Frequencies and Different Speeds
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Old 16-01-2015, 07:09 PM   #1
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Icon5 Frequencies and Different Speeds

I wonder does anyone know by how much a tone is lowered when you slow the recording down? Say I record a G3 which is at 195.998 Hz, and then I slow it down, playing it at 0.5 the original speed, I don't know how this works but my guess would be that at half the speed the note I'd end up with should be 97.9989 Hz which is G2. Similarly, if I play it at 1.25 the original speed, I should get 244.9975 Hz which is (very close to) B3. Does anyone know if it's as simple as this or am I way off here?

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Old 16-01-2015, 08:21 PM   #2
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Re: Frequencies and Different Speeds

You are right on here.

An octave above will always be twice the frequency so your G3/G2 comparison is apt. Although it is this simple to derive octaves, it's not so simple to derive equal tempered pitches the same way. The western octave is NOT divided equally, so that 1.25 multiplication will put you somewhere between B and Bb (or A#).
Although using whole number ratios to define pitch relations is the basis of an entire tuning system, called jsut intonation, you might be interested in reading more. The 1.25 example would be a ratio of 5/4, and give you the 'Just Third' to G.

Anyway, you're thinking about it right.

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Old 16-01-2015, 08:34 PM   #3
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Re: Frequencies and Different Speeds

Thanks for the reply! It seems you can easily play things either twice as fast or half as fast, but anything else will end up sounding somewhat wrong. It's funny how much maths there is in music..
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Old 16-01-2015, 08:40 PM   #4
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Re: Frequencies and Different Speeds

Well 'wrong is totally relative'. It's all in context. I've done a bit of writing using justly tuned instruments, and if you have all the instruments tuned in the same system, things will sound more or less 'right'. But somewhat weird if you're not used to it.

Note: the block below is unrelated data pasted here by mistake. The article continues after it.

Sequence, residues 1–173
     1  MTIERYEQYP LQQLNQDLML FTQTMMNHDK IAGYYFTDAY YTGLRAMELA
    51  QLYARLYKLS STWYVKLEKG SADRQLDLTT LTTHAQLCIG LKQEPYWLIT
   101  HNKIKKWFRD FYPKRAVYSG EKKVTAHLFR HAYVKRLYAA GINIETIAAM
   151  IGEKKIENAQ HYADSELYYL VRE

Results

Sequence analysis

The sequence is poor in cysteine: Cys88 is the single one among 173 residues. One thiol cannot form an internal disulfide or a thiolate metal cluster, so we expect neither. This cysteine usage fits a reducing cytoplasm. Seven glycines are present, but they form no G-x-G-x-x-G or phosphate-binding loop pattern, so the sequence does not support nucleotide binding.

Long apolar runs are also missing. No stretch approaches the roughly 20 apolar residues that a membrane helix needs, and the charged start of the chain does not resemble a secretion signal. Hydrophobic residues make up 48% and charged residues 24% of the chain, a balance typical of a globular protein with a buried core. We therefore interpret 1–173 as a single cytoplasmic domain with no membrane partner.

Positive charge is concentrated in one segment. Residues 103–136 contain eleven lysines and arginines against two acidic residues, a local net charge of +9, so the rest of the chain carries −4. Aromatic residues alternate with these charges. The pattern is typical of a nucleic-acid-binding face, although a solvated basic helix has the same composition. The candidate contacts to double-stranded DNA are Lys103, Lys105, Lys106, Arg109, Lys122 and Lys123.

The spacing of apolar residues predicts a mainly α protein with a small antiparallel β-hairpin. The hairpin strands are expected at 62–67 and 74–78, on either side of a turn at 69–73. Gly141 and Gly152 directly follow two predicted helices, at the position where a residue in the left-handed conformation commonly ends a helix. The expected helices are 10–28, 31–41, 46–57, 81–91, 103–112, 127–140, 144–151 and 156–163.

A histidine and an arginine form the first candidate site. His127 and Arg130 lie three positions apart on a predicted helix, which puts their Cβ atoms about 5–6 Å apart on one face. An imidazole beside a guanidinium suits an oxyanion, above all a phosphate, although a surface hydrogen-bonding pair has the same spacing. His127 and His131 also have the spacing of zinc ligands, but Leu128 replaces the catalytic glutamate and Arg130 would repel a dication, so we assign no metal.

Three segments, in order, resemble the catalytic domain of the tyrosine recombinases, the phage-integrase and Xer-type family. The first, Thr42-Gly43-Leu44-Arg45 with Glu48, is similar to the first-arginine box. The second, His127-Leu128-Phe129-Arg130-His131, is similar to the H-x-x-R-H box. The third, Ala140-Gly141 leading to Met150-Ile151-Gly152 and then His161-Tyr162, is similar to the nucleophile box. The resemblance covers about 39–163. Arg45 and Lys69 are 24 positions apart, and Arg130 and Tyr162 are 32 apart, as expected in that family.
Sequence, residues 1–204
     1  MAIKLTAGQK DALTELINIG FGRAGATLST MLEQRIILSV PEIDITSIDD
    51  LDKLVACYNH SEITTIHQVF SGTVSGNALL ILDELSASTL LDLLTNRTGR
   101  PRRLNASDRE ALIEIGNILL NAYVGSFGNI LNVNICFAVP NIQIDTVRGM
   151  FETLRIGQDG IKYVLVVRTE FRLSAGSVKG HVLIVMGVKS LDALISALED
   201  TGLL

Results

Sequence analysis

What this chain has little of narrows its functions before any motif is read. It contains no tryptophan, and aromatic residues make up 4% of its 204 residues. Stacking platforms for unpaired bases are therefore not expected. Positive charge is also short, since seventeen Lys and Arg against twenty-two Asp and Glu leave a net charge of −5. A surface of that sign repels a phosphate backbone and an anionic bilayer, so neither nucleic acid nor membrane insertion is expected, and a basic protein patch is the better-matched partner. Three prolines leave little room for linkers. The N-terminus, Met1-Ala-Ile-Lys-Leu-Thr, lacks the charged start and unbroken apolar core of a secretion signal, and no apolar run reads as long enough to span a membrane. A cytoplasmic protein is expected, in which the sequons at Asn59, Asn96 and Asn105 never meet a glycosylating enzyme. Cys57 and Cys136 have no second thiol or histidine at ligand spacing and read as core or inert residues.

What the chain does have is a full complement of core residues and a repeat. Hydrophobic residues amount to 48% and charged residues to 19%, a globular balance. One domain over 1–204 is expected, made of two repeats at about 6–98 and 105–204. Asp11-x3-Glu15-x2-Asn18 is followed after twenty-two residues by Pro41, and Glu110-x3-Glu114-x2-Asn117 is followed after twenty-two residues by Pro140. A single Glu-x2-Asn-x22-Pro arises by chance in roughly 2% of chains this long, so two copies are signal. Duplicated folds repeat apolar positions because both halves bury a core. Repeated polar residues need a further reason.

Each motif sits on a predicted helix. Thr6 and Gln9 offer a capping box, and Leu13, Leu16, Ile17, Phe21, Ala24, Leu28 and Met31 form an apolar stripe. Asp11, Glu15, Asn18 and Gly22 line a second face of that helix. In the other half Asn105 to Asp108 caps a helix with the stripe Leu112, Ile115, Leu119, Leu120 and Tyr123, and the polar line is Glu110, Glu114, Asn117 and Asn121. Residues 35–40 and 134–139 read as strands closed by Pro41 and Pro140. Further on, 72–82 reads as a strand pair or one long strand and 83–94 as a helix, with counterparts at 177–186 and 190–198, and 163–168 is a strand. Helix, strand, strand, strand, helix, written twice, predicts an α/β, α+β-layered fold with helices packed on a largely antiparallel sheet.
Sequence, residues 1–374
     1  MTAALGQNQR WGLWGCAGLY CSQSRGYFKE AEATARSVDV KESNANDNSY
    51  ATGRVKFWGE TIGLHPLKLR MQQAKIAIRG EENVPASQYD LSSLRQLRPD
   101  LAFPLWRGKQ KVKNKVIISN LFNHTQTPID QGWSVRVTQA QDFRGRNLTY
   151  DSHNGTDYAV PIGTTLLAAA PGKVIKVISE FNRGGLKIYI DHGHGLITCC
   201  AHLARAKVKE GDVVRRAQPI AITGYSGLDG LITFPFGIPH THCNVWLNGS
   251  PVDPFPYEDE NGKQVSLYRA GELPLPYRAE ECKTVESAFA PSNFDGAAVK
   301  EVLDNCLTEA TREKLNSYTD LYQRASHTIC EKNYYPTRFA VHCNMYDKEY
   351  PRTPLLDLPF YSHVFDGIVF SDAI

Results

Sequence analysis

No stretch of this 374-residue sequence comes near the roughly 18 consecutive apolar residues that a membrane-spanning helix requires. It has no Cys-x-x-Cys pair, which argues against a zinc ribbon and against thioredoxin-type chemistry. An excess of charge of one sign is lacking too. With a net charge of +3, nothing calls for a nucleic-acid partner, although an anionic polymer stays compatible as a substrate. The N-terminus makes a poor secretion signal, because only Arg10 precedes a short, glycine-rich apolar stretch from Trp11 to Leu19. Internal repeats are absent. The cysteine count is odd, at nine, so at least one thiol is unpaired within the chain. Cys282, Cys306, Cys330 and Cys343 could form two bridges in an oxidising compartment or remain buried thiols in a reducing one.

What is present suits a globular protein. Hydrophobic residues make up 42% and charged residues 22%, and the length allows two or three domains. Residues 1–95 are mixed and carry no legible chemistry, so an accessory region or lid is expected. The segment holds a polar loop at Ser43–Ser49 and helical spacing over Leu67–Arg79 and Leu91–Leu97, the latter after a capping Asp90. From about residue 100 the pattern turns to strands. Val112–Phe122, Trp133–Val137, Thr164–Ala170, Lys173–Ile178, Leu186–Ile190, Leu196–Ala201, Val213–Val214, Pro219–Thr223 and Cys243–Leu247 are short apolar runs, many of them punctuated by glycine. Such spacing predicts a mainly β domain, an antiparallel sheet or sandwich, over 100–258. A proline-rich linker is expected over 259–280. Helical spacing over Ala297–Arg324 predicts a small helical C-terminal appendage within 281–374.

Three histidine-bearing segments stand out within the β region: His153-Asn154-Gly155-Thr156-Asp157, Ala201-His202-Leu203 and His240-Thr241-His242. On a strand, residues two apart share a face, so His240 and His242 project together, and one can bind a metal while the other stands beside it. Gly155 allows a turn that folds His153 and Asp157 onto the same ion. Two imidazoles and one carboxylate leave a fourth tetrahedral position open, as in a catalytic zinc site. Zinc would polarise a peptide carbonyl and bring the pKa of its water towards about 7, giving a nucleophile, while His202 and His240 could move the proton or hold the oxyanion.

I wouldn't try mixing equal tempered and justly tuned things though. That would sound pretty wrong.

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Old 19-01-2015, 05:30 AM   #5
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Quote:
Originally Posted by Dataf1ow View Post
Although it is this simple to derive octaves, it's not so simple to derive equal tempered pitches the same way. The western octave is NOT divided equally, so that 1.25 multiplication will put you somewhere between B and Bb (or A#).
Well kind of. The western scale is divided equally across twelve frequencies. That's why it's called an even tempered scale. It's just a logarithmic scale instead of a linear one.

It's slightly more complicated to calculate the difference between notes than octaves. But it's by no means hard. Just use a scientific calculator.

Quote:
The basic formula for the frequencies of the notes of the equal tempered scale is given by
fn = f0 * (a)n
where
f0 = the frequency of one fixed note which must be defined. A common choice is setting the A above middle C (A4) at f0 = 440 Hz.
n = the number of half steps away from the fixed note you are. If you are at a higher note, n is positive. If you are on a lower note, n is negative.
fn = the frequency of the note n half steps away.
a = (2)1/12 = the twelth root of 2 = the number which when multiplied by itself 12 times equals 2 = 1.059463094359...

The wavelength of the sound for the notes is found from
Wn = c/fn
where W is the wavelength and c is the speed of sound. The speed of sound depends on temperature, but is approximately 345 m/s at "room temperature."
Source: [Only registered and activated users can see links. Click here to register]
So it's just a matter of deciding which value you want to determine and then running the numbers.

Quote:
Originally Posted by Dataf1ow View Post
Although using whole number ratios to define pitch relations is the basis of an entire tuning system, called jsut intonation, you might be interested in reading more. The 1.25 example would be a ratio of 5/4, and give you the 'Just Third' to G.
Even better, if you are simply wanting to adjust the pitch from one note in the scale to another, you can just calculate these using an online tool like this one: [Only registered and activated users can see links. Click here to register]


Once you have the two frequency values, it's simple as f1/f2 to get the ratio of f1 to f2 or f2/f1 to get the ratio of f2 to f1.

eg: A = 440 / C = 523.3 = 0.84081788648959

So if you want to reduce the speed to make C into A just reduce the playback speed by 0.840. and you're set. However, if there are other notes present in the sample, these will be detuned and likely inharmonic to other sound sources. To ensure that every note retained it's harmonic relationship to the western scale you'd have to run the calculation for each note.

There are a lot of granular synthesis tools that are less labour intensive and usually yield more interesting results.

Quote:
Originally Posted by 5995 View Post
Thanks for the reply! It seems you can easily play things either twice as fast or half as fast, but anything else will end up sounding somewhat wrong. It's funny how much maths there is in music..
Not really when you consider that music is one of the earliest expressions of our understanding of mathematics.

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